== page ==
After the Senate and House passed identical versions of S. 2450, adding new Evidence Rule 502 to the Federal Rules of Evidence, the bill went to President Bush for signature. On Friday, September 19, 2008 the President signed the legislation. As written, the new rule is intended to apply to all proceedings commenced after the date of enactment and, if just and practicable, in all proceedings already pending on the enactment date.

The Purpose of Rule 502

The important purpose of the legislation is protection against inadvertent waiver of work product protection and the attorney-client privilege. Not just waiver of the privilege for a single document, but subject matter waiver by which all information concerning the same subject also loses the privilege, has been a significant concern particularly since the Federal Rules of Civil Procedure were amended introducing concepts like claw back agreements or orders and quick peek productions.

The Problem

Claw back provisions or orders, helpful in the particular case in which they are entered, allow the producing party to request return of inadvertently produced documents and disallow waiver of the privilege. Yet, although helpful in the individual case, litigants were left with insecurity as to whether, in state court proceedings or subsequent federal proceedings, the privilege would still be deemed waived, as state and federal laws conflict on the issue of waiver.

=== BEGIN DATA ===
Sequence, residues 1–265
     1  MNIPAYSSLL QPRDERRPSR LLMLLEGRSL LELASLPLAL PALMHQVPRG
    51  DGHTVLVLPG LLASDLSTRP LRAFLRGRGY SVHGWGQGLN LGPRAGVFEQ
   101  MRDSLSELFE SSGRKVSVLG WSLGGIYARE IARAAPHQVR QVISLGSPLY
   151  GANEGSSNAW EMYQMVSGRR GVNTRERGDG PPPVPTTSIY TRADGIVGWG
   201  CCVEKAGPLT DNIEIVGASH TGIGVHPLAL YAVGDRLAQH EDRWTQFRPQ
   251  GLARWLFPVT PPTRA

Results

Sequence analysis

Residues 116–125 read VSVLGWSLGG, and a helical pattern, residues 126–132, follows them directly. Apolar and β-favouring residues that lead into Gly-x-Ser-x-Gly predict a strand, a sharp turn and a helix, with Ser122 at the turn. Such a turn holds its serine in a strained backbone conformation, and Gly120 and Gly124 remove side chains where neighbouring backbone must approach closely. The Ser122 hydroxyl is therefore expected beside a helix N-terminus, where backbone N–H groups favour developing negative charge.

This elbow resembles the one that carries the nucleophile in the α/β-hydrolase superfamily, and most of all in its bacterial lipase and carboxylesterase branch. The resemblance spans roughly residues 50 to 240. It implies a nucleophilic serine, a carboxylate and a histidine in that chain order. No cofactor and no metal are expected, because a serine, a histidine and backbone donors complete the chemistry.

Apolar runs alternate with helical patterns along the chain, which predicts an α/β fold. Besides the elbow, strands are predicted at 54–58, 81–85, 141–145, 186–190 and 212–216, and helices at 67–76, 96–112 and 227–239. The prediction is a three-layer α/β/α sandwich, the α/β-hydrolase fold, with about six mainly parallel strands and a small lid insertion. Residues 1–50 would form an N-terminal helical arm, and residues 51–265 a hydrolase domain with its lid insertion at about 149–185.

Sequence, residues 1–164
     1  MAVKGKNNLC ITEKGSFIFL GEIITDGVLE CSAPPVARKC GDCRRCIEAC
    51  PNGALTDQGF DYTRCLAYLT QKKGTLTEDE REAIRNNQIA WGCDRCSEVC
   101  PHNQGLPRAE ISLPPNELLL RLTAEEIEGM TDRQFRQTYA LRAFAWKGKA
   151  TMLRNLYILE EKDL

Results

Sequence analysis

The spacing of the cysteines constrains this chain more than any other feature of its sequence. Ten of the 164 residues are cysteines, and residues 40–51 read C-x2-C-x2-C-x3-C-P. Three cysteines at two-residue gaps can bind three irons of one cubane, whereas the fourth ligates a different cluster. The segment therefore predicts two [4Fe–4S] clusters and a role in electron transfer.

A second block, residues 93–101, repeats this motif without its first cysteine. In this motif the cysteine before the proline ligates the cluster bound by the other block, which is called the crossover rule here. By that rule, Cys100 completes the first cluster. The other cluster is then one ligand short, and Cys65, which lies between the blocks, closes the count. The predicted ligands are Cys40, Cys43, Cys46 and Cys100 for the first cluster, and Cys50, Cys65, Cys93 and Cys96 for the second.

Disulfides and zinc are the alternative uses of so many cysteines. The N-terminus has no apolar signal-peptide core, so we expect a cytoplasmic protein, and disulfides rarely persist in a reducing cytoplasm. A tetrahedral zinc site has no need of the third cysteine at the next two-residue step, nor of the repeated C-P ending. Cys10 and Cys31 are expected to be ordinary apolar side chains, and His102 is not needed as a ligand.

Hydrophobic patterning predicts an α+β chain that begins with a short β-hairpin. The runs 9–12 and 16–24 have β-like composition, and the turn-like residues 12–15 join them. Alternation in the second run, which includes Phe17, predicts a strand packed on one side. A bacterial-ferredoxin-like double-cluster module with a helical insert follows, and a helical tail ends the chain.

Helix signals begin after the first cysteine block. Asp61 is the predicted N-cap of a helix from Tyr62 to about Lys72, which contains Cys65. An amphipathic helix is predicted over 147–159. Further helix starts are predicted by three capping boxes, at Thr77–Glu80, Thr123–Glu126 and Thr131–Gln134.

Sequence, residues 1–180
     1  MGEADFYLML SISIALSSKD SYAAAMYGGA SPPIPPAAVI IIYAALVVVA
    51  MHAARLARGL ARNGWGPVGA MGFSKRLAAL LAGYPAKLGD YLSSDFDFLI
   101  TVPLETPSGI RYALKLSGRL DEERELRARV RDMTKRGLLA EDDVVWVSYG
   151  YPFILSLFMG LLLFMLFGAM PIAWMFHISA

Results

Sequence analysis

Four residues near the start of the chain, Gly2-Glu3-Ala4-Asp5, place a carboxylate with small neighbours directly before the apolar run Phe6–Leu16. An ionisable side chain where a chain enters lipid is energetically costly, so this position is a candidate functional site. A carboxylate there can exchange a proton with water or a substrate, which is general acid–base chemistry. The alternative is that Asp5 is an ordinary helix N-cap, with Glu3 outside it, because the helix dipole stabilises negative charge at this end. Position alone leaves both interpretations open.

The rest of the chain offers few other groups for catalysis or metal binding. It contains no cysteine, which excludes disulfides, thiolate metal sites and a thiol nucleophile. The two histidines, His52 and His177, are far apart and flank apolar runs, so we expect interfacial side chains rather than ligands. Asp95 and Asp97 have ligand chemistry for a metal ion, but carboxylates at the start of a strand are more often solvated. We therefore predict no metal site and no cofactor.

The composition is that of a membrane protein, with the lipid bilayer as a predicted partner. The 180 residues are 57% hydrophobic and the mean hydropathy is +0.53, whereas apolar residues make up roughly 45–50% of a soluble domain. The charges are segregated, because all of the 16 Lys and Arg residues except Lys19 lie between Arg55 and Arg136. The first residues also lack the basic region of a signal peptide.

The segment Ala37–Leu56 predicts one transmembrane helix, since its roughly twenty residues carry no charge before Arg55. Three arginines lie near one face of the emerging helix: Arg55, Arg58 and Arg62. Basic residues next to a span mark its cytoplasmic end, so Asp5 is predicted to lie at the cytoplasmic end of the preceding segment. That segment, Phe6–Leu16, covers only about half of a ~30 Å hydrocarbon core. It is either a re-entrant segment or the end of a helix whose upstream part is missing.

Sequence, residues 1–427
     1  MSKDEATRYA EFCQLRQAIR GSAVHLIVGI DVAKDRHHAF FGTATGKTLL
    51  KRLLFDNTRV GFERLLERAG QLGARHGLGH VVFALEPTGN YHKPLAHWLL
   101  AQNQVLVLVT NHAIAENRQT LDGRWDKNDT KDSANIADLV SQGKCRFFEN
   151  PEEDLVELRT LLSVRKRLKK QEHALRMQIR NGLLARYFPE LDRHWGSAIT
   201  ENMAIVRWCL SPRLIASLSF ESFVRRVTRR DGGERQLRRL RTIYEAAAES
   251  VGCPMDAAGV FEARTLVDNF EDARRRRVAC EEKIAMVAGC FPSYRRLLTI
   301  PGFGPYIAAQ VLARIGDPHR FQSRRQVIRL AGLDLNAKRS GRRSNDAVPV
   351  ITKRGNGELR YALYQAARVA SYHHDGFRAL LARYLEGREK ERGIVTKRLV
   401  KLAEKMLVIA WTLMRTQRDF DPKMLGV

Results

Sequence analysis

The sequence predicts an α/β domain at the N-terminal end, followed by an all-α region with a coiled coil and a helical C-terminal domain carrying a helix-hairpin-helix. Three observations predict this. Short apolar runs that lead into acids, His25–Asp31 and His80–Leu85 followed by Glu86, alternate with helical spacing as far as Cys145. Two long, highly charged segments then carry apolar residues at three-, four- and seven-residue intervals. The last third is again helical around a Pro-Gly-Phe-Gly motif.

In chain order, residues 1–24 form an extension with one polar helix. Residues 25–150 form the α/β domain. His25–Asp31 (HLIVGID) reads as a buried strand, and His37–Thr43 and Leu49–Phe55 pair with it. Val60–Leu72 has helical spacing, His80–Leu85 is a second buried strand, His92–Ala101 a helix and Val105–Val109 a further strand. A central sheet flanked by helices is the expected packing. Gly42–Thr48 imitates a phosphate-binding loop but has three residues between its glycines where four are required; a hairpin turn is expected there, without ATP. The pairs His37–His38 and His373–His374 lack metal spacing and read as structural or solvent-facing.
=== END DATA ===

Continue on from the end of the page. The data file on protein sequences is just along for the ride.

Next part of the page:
The Solution

The Advisory Committee’s Explanatory Note notes that the Committee determined “that the proper solution for the federal court is to apply the law that is most protective of privilege and work product. If the state law is more protective (such as where the state law is that an inadvertent disclosure can never be a waiver), the holder of the privilege or protection may well have relied on that law when making the disclosure in the state proceeding. Moreover, applying a more restrictive federal law of waiver could impair the state objective of preserving the privilege or work-product protection for disclosures made in state proceedings. On the other hand, if the federal law is more protective, applying the state law of waiver to determine admissibility in federal court is likely to undermine the federal objective of limiting the costs of production.”

The Legislation

The resulting legislation provides in part:

  •  (b) Inadvertent disclosure. — When made in a federal proceeding or to a federal office or agency, the disclosure does not operate as a waiver in a federal or state proceeding if:

–– (1) the disclosure is inadvertent;

–– (2) the holder of the privilege or protection took reasonable steps to prevent disclosure; and

–– (3) the holder promptly took reasonable steps to rectify the error, including (if applicable) following Fed. R. Civ. P. 26(b)(5)(B).

  •  (c) Disclosure made in a state proceeding. — When the disclosure is made in a state proceeding and is not the subject of a state-court order concerning waiver, the disclosure does not operate as a waiver in a federal proceeding if the disclosure:

–– (1) would not be a waiver under this rule if it had been made in a federal proceeding; or

–– (2) is not a waiver under the law of the state where the disclosure occurred.

The complete rule is available online at: pdf#page=16.